• His Treasury nominee forgot to declare $100 million – The Times (£)

May has firm words for global businesses

‘Theresa May yesterday warned the world’s business elite that they face disaster if they do not win back the trust of ordinary workers. In a thinly-veiled threat to tech giants Facebook, Apple and Google, the PM said that barely a third of low-income Brits have any faith in them. And she insisted that all arrogant global companies must stop tax dodging and curb their fatcat executives’ soaring pay to win back trust. Mrs May also told the World Economic Forum in Davos that such firms must ditch their short-term hunt for quick profits and “invest in people and communities for the long term”.’ – The Sun

  • Good – The Sun Says
  • The industrial strategy will be launched next week – FT

>Yesterday: MPsETC: May warns Davos of globalisation’s downside – and “the cult of individualism”. Her speech: full text

The Prime Minister comes out fighting for the City in Davos

Banks Face 6 Billion Of Libor Litigation‘Prime Minister Theresa May and her chancellor Philip Hammond came out fighting at Davos yesterday following reports that London’s banking sector faces job losses in the wake of Brexit…May insisted her summit with bank chiefs included “a very good, positive discussion about the benefits of the City of London, about what it is that has brought them to the City of London, and how we can continue to build on that for the future”. She added: “I value financial services in the City of London and I want to ensure we can keep financial services in the City of London.” Hammond told Bloomberg the financial sector is “a priority for the UK government” during upcoming Brexit negotiations, praising the industry’s “scale and depth”.’ – CityAM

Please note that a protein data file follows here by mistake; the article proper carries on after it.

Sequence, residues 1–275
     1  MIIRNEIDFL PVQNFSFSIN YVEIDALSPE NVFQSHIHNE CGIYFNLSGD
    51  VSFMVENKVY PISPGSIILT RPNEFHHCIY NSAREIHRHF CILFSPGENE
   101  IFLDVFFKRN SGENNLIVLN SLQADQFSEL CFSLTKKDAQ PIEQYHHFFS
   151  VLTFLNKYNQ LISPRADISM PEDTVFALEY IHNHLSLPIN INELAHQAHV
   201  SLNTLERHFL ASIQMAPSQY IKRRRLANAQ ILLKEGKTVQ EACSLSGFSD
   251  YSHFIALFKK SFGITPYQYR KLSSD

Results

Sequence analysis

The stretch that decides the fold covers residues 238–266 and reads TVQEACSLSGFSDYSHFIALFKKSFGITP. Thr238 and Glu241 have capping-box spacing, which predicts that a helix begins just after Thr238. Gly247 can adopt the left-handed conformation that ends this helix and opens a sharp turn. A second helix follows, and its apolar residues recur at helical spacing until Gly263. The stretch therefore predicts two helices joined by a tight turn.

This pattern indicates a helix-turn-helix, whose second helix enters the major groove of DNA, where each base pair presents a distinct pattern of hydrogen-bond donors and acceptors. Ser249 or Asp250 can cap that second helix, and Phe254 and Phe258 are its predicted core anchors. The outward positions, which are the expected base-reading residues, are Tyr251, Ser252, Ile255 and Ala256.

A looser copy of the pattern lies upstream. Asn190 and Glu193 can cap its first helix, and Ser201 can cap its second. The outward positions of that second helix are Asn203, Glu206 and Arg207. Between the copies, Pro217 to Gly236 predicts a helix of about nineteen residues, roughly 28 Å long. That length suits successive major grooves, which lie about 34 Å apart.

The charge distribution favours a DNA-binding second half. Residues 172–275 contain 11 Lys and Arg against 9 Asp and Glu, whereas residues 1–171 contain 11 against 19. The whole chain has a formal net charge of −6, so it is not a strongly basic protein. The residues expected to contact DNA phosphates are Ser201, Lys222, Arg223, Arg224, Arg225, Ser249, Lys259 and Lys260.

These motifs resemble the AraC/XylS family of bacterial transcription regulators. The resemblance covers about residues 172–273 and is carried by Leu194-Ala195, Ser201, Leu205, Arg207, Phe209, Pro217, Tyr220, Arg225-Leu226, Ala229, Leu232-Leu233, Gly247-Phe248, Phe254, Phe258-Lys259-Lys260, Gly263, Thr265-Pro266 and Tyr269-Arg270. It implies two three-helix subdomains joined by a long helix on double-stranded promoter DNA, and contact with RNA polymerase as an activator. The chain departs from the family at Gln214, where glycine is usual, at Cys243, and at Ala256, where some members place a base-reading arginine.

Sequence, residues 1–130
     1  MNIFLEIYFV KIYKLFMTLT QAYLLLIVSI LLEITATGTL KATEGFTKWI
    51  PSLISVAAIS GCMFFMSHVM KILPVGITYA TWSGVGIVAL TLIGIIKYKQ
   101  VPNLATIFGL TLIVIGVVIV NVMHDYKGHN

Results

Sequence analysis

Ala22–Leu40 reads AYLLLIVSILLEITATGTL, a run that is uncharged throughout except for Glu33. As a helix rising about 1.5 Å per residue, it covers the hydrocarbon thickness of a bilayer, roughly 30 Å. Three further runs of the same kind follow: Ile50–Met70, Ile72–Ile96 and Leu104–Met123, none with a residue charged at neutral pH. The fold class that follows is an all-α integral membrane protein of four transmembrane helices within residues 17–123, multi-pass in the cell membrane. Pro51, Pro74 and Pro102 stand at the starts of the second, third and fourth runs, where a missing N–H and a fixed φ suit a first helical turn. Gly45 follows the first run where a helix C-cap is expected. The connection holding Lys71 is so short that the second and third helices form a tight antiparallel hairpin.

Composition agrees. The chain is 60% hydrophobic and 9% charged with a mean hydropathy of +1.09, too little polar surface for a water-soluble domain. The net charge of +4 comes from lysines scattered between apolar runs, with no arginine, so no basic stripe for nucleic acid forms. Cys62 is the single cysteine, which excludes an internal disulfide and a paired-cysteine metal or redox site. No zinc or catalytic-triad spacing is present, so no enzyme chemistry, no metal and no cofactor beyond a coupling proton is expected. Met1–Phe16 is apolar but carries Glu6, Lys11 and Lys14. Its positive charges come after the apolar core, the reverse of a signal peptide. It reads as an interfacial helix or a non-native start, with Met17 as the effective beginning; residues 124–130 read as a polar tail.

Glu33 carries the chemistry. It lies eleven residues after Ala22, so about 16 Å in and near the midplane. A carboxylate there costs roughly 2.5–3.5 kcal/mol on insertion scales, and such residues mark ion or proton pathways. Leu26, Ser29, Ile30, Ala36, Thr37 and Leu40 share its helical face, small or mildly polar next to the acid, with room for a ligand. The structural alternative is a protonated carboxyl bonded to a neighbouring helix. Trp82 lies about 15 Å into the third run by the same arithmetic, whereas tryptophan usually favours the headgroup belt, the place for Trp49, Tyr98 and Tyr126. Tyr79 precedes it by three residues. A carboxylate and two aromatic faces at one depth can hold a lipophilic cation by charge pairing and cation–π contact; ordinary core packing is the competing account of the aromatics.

• May’s plan has popular support, but voters don’t expect the EU to agree a deal – Daily Mail
  • She has no mandate for a Singaporean economic model – Philip Collins, The Times (£)
  • Businesses say ‘the fog is clearing’ – Daily Mail
  • Investment is holding up well – The Sun Says
  • If Remainers refuse to accept Brexit, we won’t be heard in the negotiations – Rupert Myers, Daily Telegraph
  • Dutch finance minister predicts Britain will return to a 1970s economy – Daily Mail

>Yesterday:

Gove: Brexit will strengthen, not threaten, the Union